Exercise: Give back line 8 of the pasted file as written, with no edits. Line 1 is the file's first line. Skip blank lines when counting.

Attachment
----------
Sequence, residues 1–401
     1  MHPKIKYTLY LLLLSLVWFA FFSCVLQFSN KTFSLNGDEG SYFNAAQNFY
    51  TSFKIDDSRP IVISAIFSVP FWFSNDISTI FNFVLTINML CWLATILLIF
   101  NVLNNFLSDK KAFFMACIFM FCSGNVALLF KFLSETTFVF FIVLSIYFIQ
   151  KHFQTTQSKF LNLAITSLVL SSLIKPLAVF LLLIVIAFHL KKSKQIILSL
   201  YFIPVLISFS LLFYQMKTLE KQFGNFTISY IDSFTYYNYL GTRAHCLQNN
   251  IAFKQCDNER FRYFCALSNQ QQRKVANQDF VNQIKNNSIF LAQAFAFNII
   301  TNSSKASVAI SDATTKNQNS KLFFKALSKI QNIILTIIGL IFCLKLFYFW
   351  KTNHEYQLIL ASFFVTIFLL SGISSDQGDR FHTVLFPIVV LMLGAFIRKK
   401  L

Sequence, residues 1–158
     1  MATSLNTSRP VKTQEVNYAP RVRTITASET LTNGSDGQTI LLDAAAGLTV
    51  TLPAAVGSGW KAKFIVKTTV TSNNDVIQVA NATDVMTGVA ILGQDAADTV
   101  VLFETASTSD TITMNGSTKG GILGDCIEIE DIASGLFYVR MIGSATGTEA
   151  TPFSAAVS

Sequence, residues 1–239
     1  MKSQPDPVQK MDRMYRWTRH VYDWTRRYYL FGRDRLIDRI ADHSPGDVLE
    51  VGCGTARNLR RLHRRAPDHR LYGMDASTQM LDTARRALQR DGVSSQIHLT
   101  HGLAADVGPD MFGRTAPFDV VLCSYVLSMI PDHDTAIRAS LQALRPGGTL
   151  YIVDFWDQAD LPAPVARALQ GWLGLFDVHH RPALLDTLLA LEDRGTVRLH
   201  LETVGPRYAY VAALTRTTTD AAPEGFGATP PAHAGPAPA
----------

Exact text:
   301  TNSSKASVAI SDATTKNQNS KLFFKALSKI QNIILTIIGL IFCLKLFYFW